Jane grew up near Mondovi, Wisconsin, a little town not far from the Mississippi River. Her older sister Judy (now deceased) and younger brother Craig helped on the family dairy farm. Dozens of cousins lived within 50 miles providing the privilege of extended family memories. Most of the "Rutschow" clan remained in the Wisconsin-Minnesota area. Jane moved to Oregon in 1974 after completing her master's degree in social work at the University of Wisconsin-Milwaukee. She worked in the disabilities field and became the director of the mental health program in Deschutes County and the first female president of the Oregon Community Mental Health Director's Association.
Emma of Aurora offers a three-in-one compilation of Kirkpatrick’s popular novels following real women in the nineteenth century.
A Clearing in the Wild: A historically accurate account of one woman's life in a communal religious colony of the 1850s. In her trademark lyrical style, Kirkpatrick weaves historical details into her story line, peopling it with complex characters and deftly conveying powerful insights on the nature of faith, community, and the human spirit.
A Tendering in the Storm: This second book in the Change and Cherish series is based on the life of a historical woman who wished to be known within a closed religious community of the 1850s. This book shows how she was changed through difficult circumstances and the friendships of others and how she came to terms with the consequences of some of her poor choices. A Mending at the Edge: Book 3 in the series follows a historical woman of the 1860s whose Christian communal society is flawed by its suppression of individual voices, especially those of women. The story acts as a witness to the devastation of suppression while celebrating the power of the human spirit to change and cherish the faith and hope found in ordinary women's lives.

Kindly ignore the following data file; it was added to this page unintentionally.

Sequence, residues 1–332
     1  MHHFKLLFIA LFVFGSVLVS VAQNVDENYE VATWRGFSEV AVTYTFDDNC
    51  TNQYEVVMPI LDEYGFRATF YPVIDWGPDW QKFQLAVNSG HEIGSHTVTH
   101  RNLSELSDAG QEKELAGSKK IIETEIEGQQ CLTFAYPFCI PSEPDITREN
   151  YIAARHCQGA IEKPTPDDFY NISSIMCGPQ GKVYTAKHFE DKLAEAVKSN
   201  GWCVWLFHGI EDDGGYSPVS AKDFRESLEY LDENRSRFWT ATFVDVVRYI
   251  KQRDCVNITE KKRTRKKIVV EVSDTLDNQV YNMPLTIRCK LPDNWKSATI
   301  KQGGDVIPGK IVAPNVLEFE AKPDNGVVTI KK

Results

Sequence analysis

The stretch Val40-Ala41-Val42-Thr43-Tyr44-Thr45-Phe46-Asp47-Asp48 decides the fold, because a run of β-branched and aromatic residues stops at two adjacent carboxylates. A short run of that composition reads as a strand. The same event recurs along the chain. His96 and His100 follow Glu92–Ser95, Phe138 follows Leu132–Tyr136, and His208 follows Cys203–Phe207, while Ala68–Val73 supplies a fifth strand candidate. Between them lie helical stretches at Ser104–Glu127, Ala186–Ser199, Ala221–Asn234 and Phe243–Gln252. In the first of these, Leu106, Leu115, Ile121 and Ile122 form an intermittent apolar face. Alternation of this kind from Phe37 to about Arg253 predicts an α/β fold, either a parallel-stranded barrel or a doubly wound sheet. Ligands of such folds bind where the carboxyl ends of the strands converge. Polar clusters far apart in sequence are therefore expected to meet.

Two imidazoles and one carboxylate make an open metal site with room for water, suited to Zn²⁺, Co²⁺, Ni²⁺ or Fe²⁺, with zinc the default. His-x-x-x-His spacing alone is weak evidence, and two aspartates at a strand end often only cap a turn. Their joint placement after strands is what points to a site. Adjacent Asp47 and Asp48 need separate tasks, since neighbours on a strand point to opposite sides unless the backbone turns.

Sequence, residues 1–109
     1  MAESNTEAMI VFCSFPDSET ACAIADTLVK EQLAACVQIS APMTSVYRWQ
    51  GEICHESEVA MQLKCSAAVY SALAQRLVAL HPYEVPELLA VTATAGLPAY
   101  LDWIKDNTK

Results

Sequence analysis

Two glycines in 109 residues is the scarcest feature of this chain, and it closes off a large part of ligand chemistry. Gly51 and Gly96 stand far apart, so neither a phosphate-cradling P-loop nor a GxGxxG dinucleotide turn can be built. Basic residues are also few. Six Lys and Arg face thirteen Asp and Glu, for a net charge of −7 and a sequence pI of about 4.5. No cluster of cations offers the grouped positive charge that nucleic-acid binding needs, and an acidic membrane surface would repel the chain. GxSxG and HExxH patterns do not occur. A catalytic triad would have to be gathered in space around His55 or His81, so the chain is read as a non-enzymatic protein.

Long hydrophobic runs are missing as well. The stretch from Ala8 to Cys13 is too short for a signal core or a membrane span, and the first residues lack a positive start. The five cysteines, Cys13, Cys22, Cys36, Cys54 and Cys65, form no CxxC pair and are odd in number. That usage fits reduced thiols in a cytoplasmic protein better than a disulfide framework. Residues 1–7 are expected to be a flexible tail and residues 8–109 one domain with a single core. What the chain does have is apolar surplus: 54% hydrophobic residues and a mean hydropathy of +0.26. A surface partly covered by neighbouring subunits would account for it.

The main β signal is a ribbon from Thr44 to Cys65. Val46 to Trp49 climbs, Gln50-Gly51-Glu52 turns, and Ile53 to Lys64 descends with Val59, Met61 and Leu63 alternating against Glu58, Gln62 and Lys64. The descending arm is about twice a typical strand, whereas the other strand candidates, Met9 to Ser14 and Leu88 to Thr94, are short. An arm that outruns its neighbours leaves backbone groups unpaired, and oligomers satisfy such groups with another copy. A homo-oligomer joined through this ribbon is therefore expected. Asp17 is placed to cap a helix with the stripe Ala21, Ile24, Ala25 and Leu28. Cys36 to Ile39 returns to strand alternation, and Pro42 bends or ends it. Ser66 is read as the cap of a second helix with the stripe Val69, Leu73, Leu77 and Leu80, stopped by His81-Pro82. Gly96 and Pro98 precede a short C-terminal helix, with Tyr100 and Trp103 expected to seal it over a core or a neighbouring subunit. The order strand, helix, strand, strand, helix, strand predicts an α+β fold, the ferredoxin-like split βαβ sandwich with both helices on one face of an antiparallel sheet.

One dedicated woman...giving voice to the suffering of many
Born to an unavailable mother and an abusive father, Dorothea Dix longs simply to protect and care for her younger brothers, Charles and Joseph. But at just fourteen, she is separated from them and sent to live with relatives to be raised properly. Lonely and uncertain, Dorothea discovers that she does not possess the ability to accept the social expectations imposed on her gender and she desires to accomplish something more than finding a suitable mate.
Yearning to fulfill her God-given purpose, Dorothea finds she has a gift for teaching and writing. Her pupils become a kind of family, hearts to nurture, but long bouts of illness end her teaching and Dorothea is adrift again. It’s an unexpected visit to a prison housing the mentally ill that ignites an unending fire in Dorothea’s heart—and sets her on a journey that will take her across the nation, into the halls of the Capitol, befriending presidents and lawmakers, always fighting to relieve the suffering of what Scripture deems, the least of these.
In bringing nineteenth-century, historical reformer Dorothea Dix to life, author Jane Kirkpatrick combines historical accuracy with the gripping narrative of a woman who recognized suffering when others turned away, and the call she heeded to change the world.
One woman, an impossible dream, and the faith it took to see it through.
German immigrant and farm wife Hulda Klager possesses only an eighth-grade education—and a burning desire to create something beautiful. What begins as a hobby to create an easy-peeling apple for her pies becomes Hulda’s driving purpose: a time-consuming interest in plant hybridization that puts her at odds with family and community, as she challenges the early twentieth-century expectations for a simple housewife.
Through the years, seasonal floods continually threaten to erase her Woodland, Washington garden and a series of family tragedies cause even Hulda to question her focus. In a time of practicality, can one person’s simple gifts of beauty make a difference?
Based on the life of Hulda Klager, Where Lilacs Still Bloom is a story of triumph over an impossible dream and the power of a generous heart.
“Beauty matters… it does. God gave us flowers for a reason. Flowers remind us to put away fear, to stop our rushing and running and worrying about this and that, and for a moment, have a piece of paradise right here on earth.”
Based on a true story of a mother and daughter's historic walk from Spokane, Washington to New York City in 1896 in an effort to save the family farm. Clara, the daughter, tells this story of family disappointment and betrayal, love and loss as she breaks from her traditional Norwegian family. On her journey, she discovers what family truly means and why it is a word that comes to us from the Latin Famalus meaning "servant." It's a story of family schism, reconcilliation and grace.